For those of you doing parish ministry, this talk is for you too. There is no such thing as community that exists within those walls.” -The Rev. Meg Riley, Honored Teacher
On January 13, 2018 the Starr King community gathered at the First Unitarian Church of Oakland for its 6th annual Symposium. A day of study, dialogue, food, music, and celebration, this year’s theme was “Spiritual Communities without Walls.”
After some catching up over breakfast, the Symposium began with the traditional Unitarian Universalist chalice lighting and words of welcome from Starr King President Rosemary Bray McNatt.
“It’s a fitting weekend for us to have Symposium,” said the Rev. McNatt in reference to the Martin Luther King Jr. holiday. “For us to recenter ourselves and remind ourselves about the human struggle for justice and the role that each of us plays in the creation of beloved community… Today we celebrate the threads of learning. We notice yet again the possibilities inherent in our stories that heal harms, transform pains, and extend grace as we dismantle that which keeps us separate.”
Our honored teacher this year was the Rev. Meg Riley. Meg’s wealth of professional service includes founding two organizations (Faith in Public Life and Equal Partners in Faith), serving as the founding director of the Unitarian Universalist Association’s Side with Love campaign (formerly “Standing on the Side of Love”), coordinating the UUA’s response to Hurricane Katrina, and serving in various leadership roles with the Interfaith Alliance, Americans United for Separation of Church and State, and the Religious Coalition for Reproductive Choice. Meg currently serves as Senior Minister at the Church of the Larger Fellowship, a global spiritual congregation of nearly 4,000 people, including over 700 incarcerated members.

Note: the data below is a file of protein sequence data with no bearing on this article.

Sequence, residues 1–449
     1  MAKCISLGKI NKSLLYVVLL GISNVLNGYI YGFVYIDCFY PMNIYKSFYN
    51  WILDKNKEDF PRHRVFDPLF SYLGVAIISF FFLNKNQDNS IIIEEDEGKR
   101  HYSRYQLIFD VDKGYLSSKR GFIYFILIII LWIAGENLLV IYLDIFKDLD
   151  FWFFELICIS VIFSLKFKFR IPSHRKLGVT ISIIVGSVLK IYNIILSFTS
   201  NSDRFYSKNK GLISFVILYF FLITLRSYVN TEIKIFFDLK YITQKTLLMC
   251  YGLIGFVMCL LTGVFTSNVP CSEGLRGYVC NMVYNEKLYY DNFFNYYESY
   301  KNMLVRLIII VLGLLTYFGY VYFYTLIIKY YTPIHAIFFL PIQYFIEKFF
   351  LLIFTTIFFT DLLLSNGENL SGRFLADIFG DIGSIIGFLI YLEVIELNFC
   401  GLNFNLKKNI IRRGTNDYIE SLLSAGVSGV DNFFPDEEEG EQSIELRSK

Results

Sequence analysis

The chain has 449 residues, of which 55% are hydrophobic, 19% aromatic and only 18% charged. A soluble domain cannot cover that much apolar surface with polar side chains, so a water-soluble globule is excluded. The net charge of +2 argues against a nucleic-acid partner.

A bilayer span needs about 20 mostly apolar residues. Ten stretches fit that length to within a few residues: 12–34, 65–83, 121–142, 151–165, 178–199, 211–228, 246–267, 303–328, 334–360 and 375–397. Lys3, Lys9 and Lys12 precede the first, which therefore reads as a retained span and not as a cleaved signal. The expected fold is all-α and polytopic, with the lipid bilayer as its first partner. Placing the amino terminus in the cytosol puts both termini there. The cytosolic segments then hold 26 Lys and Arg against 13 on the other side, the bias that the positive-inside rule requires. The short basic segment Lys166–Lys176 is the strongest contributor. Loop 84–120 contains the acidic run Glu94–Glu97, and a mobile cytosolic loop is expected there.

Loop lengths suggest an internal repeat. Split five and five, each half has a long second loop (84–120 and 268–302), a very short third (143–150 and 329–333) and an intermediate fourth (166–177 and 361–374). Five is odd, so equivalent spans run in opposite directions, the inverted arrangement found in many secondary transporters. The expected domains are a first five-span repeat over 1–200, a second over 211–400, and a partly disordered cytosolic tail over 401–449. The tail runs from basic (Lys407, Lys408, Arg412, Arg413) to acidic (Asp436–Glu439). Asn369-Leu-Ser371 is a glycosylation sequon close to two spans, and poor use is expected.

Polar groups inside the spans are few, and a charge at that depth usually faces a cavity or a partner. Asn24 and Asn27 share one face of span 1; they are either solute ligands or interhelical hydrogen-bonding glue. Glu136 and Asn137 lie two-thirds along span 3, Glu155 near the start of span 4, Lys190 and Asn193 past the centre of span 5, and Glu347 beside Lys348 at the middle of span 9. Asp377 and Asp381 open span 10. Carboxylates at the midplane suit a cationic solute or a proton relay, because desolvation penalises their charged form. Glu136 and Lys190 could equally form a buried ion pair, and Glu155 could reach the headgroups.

An early highlight of the day was the Rev. Meg Riley’s keynote address, in which she explored the uses of technology for building extended faith-based community in the context of the 21st century media revolution. Drawing upon valuable lessons from her experiences with electronic ministry, our honored teacher identified the following 10 tips for creating spiritual communities without walls:
During the afternoon, community members participated in interactive workshops led by various community leaders. Guest presenters included the Rev. Amelia Monteiro (SKSM alumna), Cat Zavis (Executive Director, The Network of Spiritual Progressives), the Rev. Susan Chorley (Co-Founder and Executive Director, Exhale Pro-Voice), Mara Kassoff (Deputy Director, Exhale Pro-Voice), and the Rev. Jessica Shine (Community Minister, The Chaplaincy Institute). Beautiful music was provided throughout the day by Grace Renaud (piano), Mira Mickiewicz (guitar/voice), Kiya Heartwood (guitar/voice), and Clovice Lewis (cello).
At the end of the day, Starr King School for the Ministry presented Meg Riley with the honorary degree of Sacrae Theologiae Doctor (Doctor of Sacred Theology) for her steadfast commitment to Unitarian Universalist values and efforts to build spiritual community across geographical boundaries. In accepting the award, our honored teacher proclaimed, “I’m accepting this for all the older people who are invisibilized and trivialized and unrecognized after long years of hard work, particularly women and femmes, particularly queers and people of color.”
Please join Starr King School for the Ministry in building “Spiritual Communities without Walls” by connecting with us online! “The more something is shared, the greater value it has.”
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For additional photos of Symposium, check out our Facebook photo album.